Jury Convicts Leroy Dick Jr. of First Degree Murder

Leroy B. Dick Jr. stood as the jury entered the courtroom to deliver a guilty verdict Tuesday evening in Dillingham. )Credit KDLG News)
Leroy B. Dick Jr. stood as the jury entered the courtroom to deliver a guilty verdict Tuesday evening in Dillingham.
)Credit KDLG News)

The murder trial of Leroy B. Dick Jr., 44, concluded Tuesday evening when the jury delivered the verdict.

“We the jury find the defendant Leroy Dick Junior guilty of murder in the first degree as charged,” read the foreman.

The nine men and three women notified the judge of their unanimous decision at 4:37 p.m. Tuesday, just an hour and a half after going into deliberations. The verdict was read a little after 5 p.m.

VPSO Thomas Madole’s widow Luan reached for a tissue as the judge finished polling each juror individually. Madole’s family was flanked by four law enforcement officers in the courtroom Tuesday evening.

Leroy Dick Jr. shot and killed Officer Madole in Manokotak on March 19, 2013. Dickadmitted to murdering Madole in at least six taped confessions, including one with KDLG News following his arraignment on March 20, 2013.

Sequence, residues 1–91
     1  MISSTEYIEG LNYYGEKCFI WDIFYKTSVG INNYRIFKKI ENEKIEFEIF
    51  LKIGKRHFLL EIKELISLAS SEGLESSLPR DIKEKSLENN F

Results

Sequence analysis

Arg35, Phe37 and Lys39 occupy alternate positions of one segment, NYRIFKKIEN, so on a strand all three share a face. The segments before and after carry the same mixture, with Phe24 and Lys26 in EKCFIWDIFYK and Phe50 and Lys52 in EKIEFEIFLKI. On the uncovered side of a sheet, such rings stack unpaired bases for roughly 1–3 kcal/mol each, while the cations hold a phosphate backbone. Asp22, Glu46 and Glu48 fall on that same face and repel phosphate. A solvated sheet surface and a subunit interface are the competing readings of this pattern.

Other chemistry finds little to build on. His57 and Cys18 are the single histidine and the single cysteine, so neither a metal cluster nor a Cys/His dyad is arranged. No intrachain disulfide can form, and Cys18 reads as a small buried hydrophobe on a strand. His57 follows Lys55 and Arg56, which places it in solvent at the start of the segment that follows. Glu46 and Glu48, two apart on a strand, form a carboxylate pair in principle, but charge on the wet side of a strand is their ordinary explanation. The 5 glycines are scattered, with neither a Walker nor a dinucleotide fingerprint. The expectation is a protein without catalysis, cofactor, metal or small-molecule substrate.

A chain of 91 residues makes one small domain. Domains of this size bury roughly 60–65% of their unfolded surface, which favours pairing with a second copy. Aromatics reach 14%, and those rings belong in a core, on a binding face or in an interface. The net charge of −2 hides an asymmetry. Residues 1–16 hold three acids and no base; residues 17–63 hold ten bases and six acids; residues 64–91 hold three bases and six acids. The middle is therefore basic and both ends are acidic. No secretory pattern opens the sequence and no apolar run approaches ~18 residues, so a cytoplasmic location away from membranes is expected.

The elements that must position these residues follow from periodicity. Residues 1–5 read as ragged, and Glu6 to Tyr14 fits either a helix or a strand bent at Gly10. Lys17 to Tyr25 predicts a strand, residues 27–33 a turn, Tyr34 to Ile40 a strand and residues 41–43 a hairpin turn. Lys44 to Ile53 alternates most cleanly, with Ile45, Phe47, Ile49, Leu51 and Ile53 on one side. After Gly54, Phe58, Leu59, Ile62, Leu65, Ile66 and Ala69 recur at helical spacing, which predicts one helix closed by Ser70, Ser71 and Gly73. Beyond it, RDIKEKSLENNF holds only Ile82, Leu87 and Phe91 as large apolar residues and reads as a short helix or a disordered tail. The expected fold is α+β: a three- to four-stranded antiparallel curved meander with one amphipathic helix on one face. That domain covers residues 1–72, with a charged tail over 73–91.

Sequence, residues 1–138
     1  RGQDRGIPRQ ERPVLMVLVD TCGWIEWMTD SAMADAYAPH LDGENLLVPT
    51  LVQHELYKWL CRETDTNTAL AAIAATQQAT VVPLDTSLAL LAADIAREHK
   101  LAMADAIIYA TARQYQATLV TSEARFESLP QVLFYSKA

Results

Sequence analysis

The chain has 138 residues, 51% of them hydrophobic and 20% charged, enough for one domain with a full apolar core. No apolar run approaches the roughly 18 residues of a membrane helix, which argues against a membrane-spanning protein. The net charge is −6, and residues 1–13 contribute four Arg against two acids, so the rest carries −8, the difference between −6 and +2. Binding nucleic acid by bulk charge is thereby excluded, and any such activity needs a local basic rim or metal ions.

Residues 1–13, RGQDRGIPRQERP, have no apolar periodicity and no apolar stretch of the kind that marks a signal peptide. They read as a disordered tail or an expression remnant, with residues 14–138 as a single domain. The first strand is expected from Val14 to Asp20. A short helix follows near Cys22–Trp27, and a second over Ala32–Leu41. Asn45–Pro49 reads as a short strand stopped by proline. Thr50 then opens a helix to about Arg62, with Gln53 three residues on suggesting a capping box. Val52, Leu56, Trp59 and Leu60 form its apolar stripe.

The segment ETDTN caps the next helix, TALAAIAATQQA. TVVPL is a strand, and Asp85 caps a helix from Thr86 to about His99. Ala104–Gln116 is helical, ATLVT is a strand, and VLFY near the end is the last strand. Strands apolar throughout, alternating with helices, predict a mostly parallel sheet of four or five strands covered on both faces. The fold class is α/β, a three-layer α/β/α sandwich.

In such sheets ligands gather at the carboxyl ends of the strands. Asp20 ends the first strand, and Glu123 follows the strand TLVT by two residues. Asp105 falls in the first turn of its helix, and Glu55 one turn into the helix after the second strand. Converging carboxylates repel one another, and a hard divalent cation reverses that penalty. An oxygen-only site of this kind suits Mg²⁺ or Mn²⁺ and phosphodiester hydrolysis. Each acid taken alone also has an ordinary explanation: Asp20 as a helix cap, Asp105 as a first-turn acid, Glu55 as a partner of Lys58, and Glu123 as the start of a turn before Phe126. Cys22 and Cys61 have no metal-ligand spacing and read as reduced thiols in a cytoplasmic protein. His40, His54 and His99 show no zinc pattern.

The trial began on Monday, November 3. It took four days to pick 13 jurors, and opening statements were made by the prosecution and defense on Friday, November 7. State prosecutor Gregg Olson called nine witnesses and published dozens of pieces of evidence as he meticulously laid out the events of March 19 for the jury.

State trooper Victor Aye, who works as a support trooper with VPSOs around the state, had been in Manokotak with Madole the day of the murder. He had flown back to Dillingham only moments before the shooting. When he was shown a picture of he and Tom Madole surrounded by children at Manokotak Elementary School from that morning, the 20+ year veteran of the force broke into tears on the stand.

“I’m sorry,” he said, as he asked for a moment before continuing.

A key piece of evidence was introduced Monday, when Olson called trooper investigator Nasruk Nay as a witness. Nay had taken custody of Dick when the plane transporting him from Manokotak landed in Dillingham after the murder. During an interview at about 9 p.m. that night at the Dillingham jail, the following exchange took place:

NAY: “First of all, what kind of a firearm was it that you used?”

DICK: “A .223, a mini-14.”

NAY: “A mini-14, ok. And where did you get that from?”

DICK: “In the gun cabinet.”

NAY: “Was the gun cabinet locked?”

DICK: “Yes.”

NAY: “Ok, so you had to unlock the gun cabinet to get the rifle?”

DICK: “Yes.”

NAY: “Was the rifle loaded?”

DICK: “I loaded it earlier cause they was gonna call the cops, you know, to come around me to bother me. I didn’t like it.”

NAY: “So you loaded your gun earlier?”

DICK: “Yeah after my mom took off, probably to go to the clinic.”

NAY: “And that was because you knew the cops were going to be coming?”

DICK: “Yeah cause she said she was gonna call the cops and send them to me.”